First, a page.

Last Updated on Sunday, 6 November, 2022 at 5:55 pm by Andre Camilleri
Reducing emissions from road transport, mobilising funds towards sustainable investments and increasing energy efficiency in buildings emerged as the three main priorities to speed up Malta’s transition towards a green economy that combats climate change.
In its second year running, the five-month #ClimateOn campaign came to an end on Friday, bringing together government, agencies, and private stakeholders on activating real change to address climate change. The conference was also held on the eve of the COP27, in preparation for Malta’s participation to the United Nations Climate Change Conference taking place in Sharm El Sheikh, Egypt.
Malta is implementing the Low Carbon Development Strategy (LCDS) – a plan that puts into action the island’s commitments in line with the European Union’s Fit for 55 package. The Ministry for the Environment, Energy and Enterprise together with Prof Simone Borg, Malta’s Ambassador for Climate Action, organised a series of stakeholder dialogue meetings on Sustainable Mobility in Road Transport, Sustainable Finance and Energy Efficiency in Buildings.
Minister for the Environment, Climate Change and Enterprise Miriam Dalli reiterated government’s commitment to achieve climate targets and move towards climate neutrality. “This has been manifested once again in the government’s budget plan as investment in our families and businesses will continue to support them towards the green and just transition”, Miriam Dalli said.
Taking part in the discussion were also Minister for Transport, Infrastructure and Capital Projects Aaron Farrugia and Minister for Public Works and Planning Stefan Zrinzo Azzopardi.
Minister Farrugia highlighted government’s commitment to continue investing in an improved transport infrastructure. “We are also developing projects to promote increased active mobility across our road network and looking at a mass transit system”, said the minister.
Minister Zrinzo Azzopardi explained that that awareness raising on means to improve energy efficiency in homes and offices was crucial. “Knowledge and capacity building are two challenges that we are striving to address in order to support this economic pillar to decarbonize and transform into a more sustainable construction industry”, he continued.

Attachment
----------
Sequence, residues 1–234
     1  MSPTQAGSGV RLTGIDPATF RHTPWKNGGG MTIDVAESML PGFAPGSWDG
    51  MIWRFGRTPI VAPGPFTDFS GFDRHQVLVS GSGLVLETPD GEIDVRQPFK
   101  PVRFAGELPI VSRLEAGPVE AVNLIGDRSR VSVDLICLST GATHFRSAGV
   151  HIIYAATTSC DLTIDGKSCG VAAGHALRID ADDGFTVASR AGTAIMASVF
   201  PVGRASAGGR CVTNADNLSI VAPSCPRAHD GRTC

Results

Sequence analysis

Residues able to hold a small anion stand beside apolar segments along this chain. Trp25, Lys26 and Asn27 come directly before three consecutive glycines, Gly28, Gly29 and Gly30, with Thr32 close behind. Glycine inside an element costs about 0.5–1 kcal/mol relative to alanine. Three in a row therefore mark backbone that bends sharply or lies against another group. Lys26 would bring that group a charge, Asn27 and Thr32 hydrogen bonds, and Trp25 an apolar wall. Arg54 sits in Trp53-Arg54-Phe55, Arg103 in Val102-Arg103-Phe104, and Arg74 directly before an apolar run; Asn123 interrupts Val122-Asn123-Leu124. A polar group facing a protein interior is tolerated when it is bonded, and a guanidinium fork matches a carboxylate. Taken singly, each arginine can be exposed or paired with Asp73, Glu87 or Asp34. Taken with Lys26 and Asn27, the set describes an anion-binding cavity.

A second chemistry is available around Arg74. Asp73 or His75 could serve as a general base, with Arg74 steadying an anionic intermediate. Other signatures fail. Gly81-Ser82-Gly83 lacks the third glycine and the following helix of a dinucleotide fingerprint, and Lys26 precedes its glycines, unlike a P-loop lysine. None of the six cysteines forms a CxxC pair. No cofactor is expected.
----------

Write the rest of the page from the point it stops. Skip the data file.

Margaret Cassar, Director General at the Environment Ministry, explained that: “In order to mainstream climate policy across all sectors, the public and private sector need to work in hand in the implementation of LCDS. The #ClimateOn platform allows for open continuous communication between all stakeholders in order to enhance capacity for a greener and climate resilient economy”.
During the seminars, participants discussed the major challenges and how these could be addressed. A corporate EV training course was also launched, targeting the shift towards cleaner vehicles. The short course, provided free of charge by EIT Urban Mobility and MCAST, offers businesses and professionals with knowledge on electric vehicles, their impact on the environment and how to phase out conventional vehicles.
During the sustainable mobility seminar, stakeholders highlighted the increased need for more awareness to enable better commuting choices, the enabling of infrastructure that favours a modal shift, and the need for efficient mass public transport. During the sustainable finance seminar, stakeholders explained that Malta has the firepower of private capital that can enable the country to achieve its green ambition. On energy efficiency, stakeholders referred to Malta’s energy vision, direct electrification, and the government’s plan to increase cleaner sources of energy. To support this transition, the introduction of standards and codes, policy and regulations is crucial.